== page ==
A TV ad which features two women getting married has been banned from TV channel Hallmark for being "too controversial".
The 30-second ad shows the two brides saying their vows, which are inexplicably and hilariously about wedding website hosting company Zola. After their vows ("I Taylor, would pick Zola, to have and to host our wedding website...") they kiss for a total of about one second, which was apparently wildly offensive to a conservative association called One Million Moms.
They started a petition to complain about the ad, which included horrifyingly homophobic comments, such as this gem: "We are fed up with having the gay agenda crammed down our throats! You are one of the few channels we thought we would not have to deal with this issue! Please remove this and any other gay, lesbian, bisexual, or anything else it is called from your channels."
The petition itself seemed to think the Bible was on its side: "Family entertainment is not the outlet in which to be politically correct by forcing tolerance and acceptance of homosexuality – a sinful lifestyle that Scripture clearly deems as wrong."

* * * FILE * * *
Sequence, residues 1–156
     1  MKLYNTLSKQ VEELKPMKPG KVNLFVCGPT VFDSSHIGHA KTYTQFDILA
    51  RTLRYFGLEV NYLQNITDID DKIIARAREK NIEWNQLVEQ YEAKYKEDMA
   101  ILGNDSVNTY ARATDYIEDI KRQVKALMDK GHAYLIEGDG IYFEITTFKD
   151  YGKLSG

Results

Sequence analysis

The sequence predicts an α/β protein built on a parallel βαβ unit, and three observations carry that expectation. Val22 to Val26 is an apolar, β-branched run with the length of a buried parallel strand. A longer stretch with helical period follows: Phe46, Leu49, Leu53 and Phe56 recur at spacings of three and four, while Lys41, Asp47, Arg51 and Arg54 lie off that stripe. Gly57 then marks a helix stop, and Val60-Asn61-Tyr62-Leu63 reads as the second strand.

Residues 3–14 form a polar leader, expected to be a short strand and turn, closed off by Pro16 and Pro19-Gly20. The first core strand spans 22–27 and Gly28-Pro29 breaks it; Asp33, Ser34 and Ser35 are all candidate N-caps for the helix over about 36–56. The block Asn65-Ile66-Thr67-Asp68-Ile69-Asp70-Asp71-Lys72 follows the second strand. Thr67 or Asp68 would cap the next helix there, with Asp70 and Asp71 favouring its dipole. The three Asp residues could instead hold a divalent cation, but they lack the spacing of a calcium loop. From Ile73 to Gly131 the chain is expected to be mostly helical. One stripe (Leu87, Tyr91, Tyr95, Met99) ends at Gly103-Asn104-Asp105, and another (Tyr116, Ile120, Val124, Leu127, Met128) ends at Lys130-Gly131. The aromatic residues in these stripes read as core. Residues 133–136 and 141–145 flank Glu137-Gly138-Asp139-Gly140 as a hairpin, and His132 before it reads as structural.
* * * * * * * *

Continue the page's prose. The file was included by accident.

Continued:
Yes because Jesus was notoriously worried about TV ads for digital wedding services.
Hallmark is known for its feel-good family movies (especially at Christmastime) but not for its progressive politics. The best it's managed to do in 2019 is say it is "open" to making Christmas movies which feature LGBTQ+ families.
While Hallmark suggested that the issue with the ad was the kiss, many pointed out that their films and ads often feature similar PDA from opposite-gender couples to little or no fanfare.
Thankfully, people are expressing their disgust at such a bigoted double standard.
Some people also pointed out that Hallmark seems to fail on the diversity front in more than just this one aspect:
A spokesperson for the channel said that: “The decision not to air overt public displays of affection in our sponsored advertisement, regardless of the participants, is in line with our current policy, which includes not featuring political advertisements, offensive language, R-rated movie content and many other categories."
They did not appear to explain what exactly it was about the Zola ad which made it a problem. Presumably thee "many other categories" includes LGBTQ+ representation.